After many overcast days and days of much-needed rain, the sun came out today in all her abundant glory and dazzled us, truly. I hope you were outside and able to revel in this beautiful weather. There’s something so healing about that stunning indigo blue sky. To a certain extent, the weather feels like a metaphor. We’ve had a long period of dark days and struggle, but hopefully we’re beginning to see the light.
This afternoon I spent some time in circle with an intimate group of women friends. We’ve been meeting at a cadence of several weeks—outside and socially distanced---since COVID began. We gather, enjoy a brief conversation together and then settle in to check-in time, each taking our turn without interruption. Somehow we’ve found our way to that sacred circle where deep truth is shared. . . .and it feels wonderfully healing to be able to speak so freely, but also to have the honor of holding space, of taking in a beloved friend’s story with simple loving kindness. We all have our stuff; our struggles and our joys, but one of today’s themes was what we’ve learned from COVID and how we’re shifting and evolving and exploring new stories for ourselves. For me, it was about seeking the truth; the truth of being, the truth of the heart, the essential truth.
One of the many reasons I love this dance practice so much is that I seek and often find truth in movement. The body knows. And movement is the catalyst to truth, to unlocking what lies beneath. It’s through movement that we can get out of the head and into the vessel of body, in which lies authenticity, intuition, and instinct (Gabrielle Roth used to say something along those lines, bless her birthday last week). I look forward to dancing with you tomorrow in the zoom room.
It's my great pleasure to report that the scrumptious Stacey will be at the helm tomorrow; guiding us and creating a soundscape for us that will be in service to truth-finding.
We begin at 9:45am
And here’s a lovely invitation from Jennifer Burner:
She’ll be leading her annual "Love Dance" Saturday, Feb 13th from 2-4 PM? Dancing w/ Matters of the Heart and would love it if you’d consider joining her.
I have a file of favorite phrases, quotes, poems, etc. Do you have such a file too? Care to share a few snippets? It’s such a magical file. I re-discovered the below quotes tonight and I’d like to share them with you. At this point, I have no recollection of where or how I might have stumbled upon them, but they still speak to me and inspire me. May they have the same effect on you. Enjoy.
I think of this pandemic as a “shaking experience” and so, indeed, I’ve come to learn some things, to view the world from a new perspective. . . . .like how to see with my heart, not just my eyes.
“Only truly shaking experiences . . . can deliver us to the full knowledge—the knowledge from the heart—about life’s transitoriness and evanescence. . . . Knowledge from the heart engages us, draws us to the world, and sears its stamp indelibly in our lives. For only when we get to know things viscerally, so to speak, can we say we’ve learned them fully.”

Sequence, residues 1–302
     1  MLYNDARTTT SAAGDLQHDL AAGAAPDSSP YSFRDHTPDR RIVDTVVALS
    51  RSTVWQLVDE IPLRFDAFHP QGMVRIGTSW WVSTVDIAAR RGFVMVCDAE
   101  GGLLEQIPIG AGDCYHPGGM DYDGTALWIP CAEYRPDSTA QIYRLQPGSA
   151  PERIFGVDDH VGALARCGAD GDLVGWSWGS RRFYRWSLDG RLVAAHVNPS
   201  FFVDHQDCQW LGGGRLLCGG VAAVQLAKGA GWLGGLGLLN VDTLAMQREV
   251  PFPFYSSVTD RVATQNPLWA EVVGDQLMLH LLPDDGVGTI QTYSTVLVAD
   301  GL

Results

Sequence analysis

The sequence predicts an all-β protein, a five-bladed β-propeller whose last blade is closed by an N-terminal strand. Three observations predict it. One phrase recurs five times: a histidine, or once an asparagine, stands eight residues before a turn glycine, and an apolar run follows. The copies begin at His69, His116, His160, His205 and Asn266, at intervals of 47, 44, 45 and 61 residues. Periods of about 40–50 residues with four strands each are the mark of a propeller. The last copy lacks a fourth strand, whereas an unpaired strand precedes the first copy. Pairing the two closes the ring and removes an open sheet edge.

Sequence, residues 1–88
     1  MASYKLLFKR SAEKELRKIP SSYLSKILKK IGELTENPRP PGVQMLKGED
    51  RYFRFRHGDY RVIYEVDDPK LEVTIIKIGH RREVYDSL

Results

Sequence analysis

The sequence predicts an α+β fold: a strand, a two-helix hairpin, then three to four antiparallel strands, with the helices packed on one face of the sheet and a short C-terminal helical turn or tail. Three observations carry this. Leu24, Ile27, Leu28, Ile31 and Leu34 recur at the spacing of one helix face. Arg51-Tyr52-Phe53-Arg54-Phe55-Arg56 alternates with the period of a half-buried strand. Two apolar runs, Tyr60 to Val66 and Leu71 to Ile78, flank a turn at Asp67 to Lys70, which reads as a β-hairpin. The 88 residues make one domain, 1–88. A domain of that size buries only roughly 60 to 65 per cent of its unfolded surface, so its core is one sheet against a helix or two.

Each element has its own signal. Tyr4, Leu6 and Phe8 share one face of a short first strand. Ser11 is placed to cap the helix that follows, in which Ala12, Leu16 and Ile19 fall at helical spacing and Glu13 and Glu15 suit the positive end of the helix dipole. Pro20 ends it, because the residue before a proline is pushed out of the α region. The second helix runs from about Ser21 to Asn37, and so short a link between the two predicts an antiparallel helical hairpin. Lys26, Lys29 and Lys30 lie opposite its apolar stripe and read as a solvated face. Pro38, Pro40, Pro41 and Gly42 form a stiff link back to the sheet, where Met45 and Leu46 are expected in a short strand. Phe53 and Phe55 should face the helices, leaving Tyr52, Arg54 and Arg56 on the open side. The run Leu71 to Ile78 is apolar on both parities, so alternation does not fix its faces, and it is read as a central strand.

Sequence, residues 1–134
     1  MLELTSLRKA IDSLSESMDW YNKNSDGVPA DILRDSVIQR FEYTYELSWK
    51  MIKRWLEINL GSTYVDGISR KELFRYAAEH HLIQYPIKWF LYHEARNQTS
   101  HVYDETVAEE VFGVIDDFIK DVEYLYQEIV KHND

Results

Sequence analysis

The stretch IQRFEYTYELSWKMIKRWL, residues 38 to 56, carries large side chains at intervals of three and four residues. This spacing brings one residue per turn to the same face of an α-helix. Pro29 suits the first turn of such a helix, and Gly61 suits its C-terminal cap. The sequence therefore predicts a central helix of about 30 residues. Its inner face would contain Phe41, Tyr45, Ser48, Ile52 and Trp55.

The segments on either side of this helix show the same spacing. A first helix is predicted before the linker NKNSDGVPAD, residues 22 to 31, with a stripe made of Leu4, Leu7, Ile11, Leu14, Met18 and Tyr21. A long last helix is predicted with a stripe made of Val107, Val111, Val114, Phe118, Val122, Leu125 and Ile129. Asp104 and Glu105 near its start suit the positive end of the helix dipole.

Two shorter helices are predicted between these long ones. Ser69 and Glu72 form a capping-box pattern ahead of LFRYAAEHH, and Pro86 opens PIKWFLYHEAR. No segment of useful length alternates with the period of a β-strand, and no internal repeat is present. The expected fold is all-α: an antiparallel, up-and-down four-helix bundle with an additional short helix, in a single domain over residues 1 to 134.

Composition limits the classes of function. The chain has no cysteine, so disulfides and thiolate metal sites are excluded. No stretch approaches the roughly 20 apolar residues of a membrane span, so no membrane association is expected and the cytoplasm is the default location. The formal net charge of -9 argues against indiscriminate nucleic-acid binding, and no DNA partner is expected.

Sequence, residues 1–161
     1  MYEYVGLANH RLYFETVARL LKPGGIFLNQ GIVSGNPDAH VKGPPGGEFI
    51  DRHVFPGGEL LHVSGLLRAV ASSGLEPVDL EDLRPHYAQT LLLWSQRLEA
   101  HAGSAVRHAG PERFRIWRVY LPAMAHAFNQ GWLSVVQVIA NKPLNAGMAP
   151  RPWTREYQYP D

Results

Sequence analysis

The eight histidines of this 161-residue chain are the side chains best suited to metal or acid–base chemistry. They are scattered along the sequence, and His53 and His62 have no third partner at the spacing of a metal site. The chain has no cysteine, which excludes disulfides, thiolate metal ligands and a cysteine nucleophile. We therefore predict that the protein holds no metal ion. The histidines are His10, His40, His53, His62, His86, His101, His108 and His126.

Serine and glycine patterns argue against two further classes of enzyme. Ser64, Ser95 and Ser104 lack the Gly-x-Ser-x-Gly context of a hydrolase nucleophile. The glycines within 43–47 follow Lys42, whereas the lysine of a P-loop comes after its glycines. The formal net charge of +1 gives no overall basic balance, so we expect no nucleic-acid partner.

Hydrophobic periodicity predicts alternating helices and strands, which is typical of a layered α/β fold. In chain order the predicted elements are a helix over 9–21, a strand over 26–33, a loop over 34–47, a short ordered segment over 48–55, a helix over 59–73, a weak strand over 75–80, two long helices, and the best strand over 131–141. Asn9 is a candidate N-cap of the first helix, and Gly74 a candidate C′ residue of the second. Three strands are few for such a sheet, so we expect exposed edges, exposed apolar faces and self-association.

—F. González-Crussi, Carrying the Heart
If I were called upon to state in a few words the essence of everything I was trying to say both as a novelist and as a preacher it would be something like this: Listen to your life. See it for the fathomless mystery that it is. In the boredom and pain of it no less than in the excitement and gladness: touch, taste, smell your way to the holy and hidden heart of it because in the last analysis all moments are key moments, and life itself is grace.
- from Now and Then by Frederick Buechner
Testament So often has it been displayed to us, the hourglass with its grains of sand drifting down, not as an object in our world but as a sign, a symbol, our lives drifting down grain by grain, sifting away – I’m sure everyone must see this emblem somewhere in the mind. Yet not only our lives drift down. The stuff of ego with which we began, the mass in the upper chamber, filters away as love accumulates below. Now I am almost entirely love. I have been to the banker, the broker, those strange people, to talk about unit trusts, annuities, CDS, IRAS, trying to leave you whatever I can after I die. I’ve made my will, written you a long letter of instructions. I think about this continually. What will you do? How will you live? You can’t go back to cocktail waitressing in the casino. And your poetry? It will bring you at best a pittance in our civilization, a widow’s mite, as mine has for forty-five years. Which is why I leave you so little. Brokers? Unit trusts? I’m no financier doing the world’s great business. And the sands in the upper glass grow few. Can I leave you the vale of ten thousand trilliums where we buried our good cat Pokey across the lane to the quarry? Maybe the tulips I planted under the lilac tree? Or our red-bellied woodpeckers who have given us so much pleasure, and the rabbits and the deer? And kisses And love-makings? All our embracings? I know millions of these will be still unspent when the last grain of sand falls with its whisper. its inconsequence, on the mountain of my love below.
I simply loved the imagery of this poem, the notion of love accumulating in the bottom chamber of the hourglass as we live our lives. . . . .so that, in the end, all we’re left with is love.
May you know pleasure and joy and abundant love. May you revel in the mystery of life.